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Bridging Past, Present and Future 

The Coeur d'Alene Tribe's innovative qhest program embraces tradition to promote health

click to enlarge The Coeur d'Alene Tribe offered kids a chance to learn about Indian culture and food through digging water potatoes last fall. - LOVINA LOUIE
  • Lovina Louie
  • The Coeur d'Alene Tribe offered kids a chance to learn about Indian culture and food through digging water potatoes last fall.

Sometimes stepping back is the best way to advance. For the Coeur d'Alene Tribe, that means pre-contact, when they called themselves Schitsu'umsh: "the discovered people." It's a time when eating involved gathering camas and hunting or fishing for salmon, a time when exercise was ingrained in day-to-day life, from dancing to traveling by foot or paddling a canoe.

It means qhest life, which translates to a "good, healthy, traditional way of life" in the Coeur d'Alene's Salish-family language of snchitsu'umshtsn. And it's how the Coeur d'Alene Tribe, in partnership with the Benewah Medical and Wellness Center, is encouraging people to fight chronic disease.

According to the Centers for Disease Control and Prevention, Native Americans face disproportionately higher health risks — 20 percent greater for heart disease, 14 percent greater for stroke — than all other ethnicities in the United States. A significant factor in developing heart disease is diabetes, which is at least two times as common among American Indian and Alaska Native populations, according to Indian Health Services.

"There are serious health problems in the community," says Ken Hoyt, Traditional Foods Coordinator working to develop and implement qhest life initiatives. Hoyt, who is Tlingit, notes two reasons for poor health. "It comes down to either individual choices and habits, or larger structures and systems," both of which qhest life seeks to address.

The CDC, for example, advocates convenient access to healthy, affordable foods through larger retail stores, farmers markets and community or home gardens, yet on the 345,000 acres that comprise the Coeur d'Alene Reservation, there are only convenience stores and a lone grocery store. The tribe farms 6,000 acres in wheat, barley, legumes, and canola; much of the remaining 150,000 farmable acres are privately farmed.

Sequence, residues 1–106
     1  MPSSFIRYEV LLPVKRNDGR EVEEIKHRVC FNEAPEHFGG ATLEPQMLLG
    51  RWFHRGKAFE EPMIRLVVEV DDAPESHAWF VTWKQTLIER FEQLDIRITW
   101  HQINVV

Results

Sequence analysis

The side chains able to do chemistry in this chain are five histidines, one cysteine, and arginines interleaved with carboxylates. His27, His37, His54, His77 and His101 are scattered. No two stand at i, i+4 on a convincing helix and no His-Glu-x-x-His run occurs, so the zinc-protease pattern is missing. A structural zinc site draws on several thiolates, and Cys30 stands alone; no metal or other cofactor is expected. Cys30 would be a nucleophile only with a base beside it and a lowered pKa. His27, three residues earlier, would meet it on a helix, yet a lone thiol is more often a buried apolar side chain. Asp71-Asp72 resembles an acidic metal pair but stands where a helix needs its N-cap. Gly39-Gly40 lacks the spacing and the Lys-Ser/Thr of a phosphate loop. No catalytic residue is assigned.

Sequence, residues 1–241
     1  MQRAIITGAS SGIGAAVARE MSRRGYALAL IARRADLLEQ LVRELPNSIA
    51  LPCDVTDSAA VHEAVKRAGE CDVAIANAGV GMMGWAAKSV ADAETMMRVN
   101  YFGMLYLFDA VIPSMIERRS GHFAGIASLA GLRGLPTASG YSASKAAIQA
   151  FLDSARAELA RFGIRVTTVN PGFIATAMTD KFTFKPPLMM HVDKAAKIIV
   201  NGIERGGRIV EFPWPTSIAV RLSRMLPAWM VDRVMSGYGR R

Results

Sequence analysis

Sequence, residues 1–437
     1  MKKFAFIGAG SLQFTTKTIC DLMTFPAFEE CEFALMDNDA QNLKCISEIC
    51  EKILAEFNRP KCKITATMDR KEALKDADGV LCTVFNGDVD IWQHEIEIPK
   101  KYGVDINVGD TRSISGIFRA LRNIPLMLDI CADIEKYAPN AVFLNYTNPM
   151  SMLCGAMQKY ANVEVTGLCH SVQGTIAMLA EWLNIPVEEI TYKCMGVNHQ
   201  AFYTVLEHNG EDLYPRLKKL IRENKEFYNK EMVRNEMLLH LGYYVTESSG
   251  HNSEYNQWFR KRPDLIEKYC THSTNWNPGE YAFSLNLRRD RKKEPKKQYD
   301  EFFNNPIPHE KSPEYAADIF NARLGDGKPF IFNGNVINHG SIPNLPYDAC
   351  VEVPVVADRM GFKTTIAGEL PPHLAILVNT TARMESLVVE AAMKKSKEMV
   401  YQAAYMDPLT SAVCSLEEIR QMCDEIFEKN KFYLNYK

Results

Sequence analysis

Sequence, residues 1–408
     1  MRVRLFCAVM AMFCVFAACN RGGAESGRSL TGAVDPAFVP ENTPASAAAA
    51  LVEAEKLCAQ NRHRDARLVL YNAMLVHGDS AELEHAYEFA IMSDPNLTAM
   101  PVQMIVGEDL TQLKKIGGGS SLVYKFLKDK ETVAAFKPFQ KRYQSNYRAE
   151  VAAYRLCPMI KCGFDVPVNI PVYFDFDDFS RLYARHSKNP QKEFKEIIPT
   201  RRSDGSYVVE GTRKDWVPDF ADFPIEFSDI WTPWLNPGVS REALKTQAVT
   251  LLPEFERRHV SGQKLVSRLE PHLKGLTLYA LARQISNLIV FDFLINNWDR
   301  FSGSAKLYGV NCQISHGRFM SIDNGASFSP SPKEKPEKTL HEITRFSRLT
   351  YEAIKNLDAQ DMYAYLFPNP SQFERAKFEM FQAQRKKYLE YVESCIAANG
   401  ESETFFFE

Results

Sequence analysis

The qhest life campaign offers a culturally based, three-pronged approach to improving wellness: eat, do and honor. Eat fewer processed foods and more lean proteins and produce by working to introduce more homegrown goods and incorporating native foods, such as water potatoes. Do more active things like walking, running, swimming or structured workouts. Honor heritage through preserving language, respecting elders, valuing education and engaging in traditional activities like storytelling, the arts and ceremonies.

"In all of these programs," says LoVina Louie, of the Coeur d'Alene, Okanogan, Colville Lakes and Nez Perce tribes, "our goal is to infuse our culture into everything we do."

Louie, whose past leadership roles include developing the innovative Rock'n the Rez program, coordinates the hnqhesnet project, the umbrella program for qhest efforts. Hnqhesnet, from the Salish language for "it is our well-being," started as a Benewah Medical and Wellness Center program four years ago.

BMWC is a tribally owned and operated community health center, which opened to the public in 1990 as a unique partnership between the Coeur d'Alene Tribe and the City of Plummer. It serves more than 6,000 patients annually, mostly in Benewah County, but also in Kootenai and portions of Spokane, Latah and Whitman counties. Roughly 400 BMWC patients are diabetic, with plenty more at risk.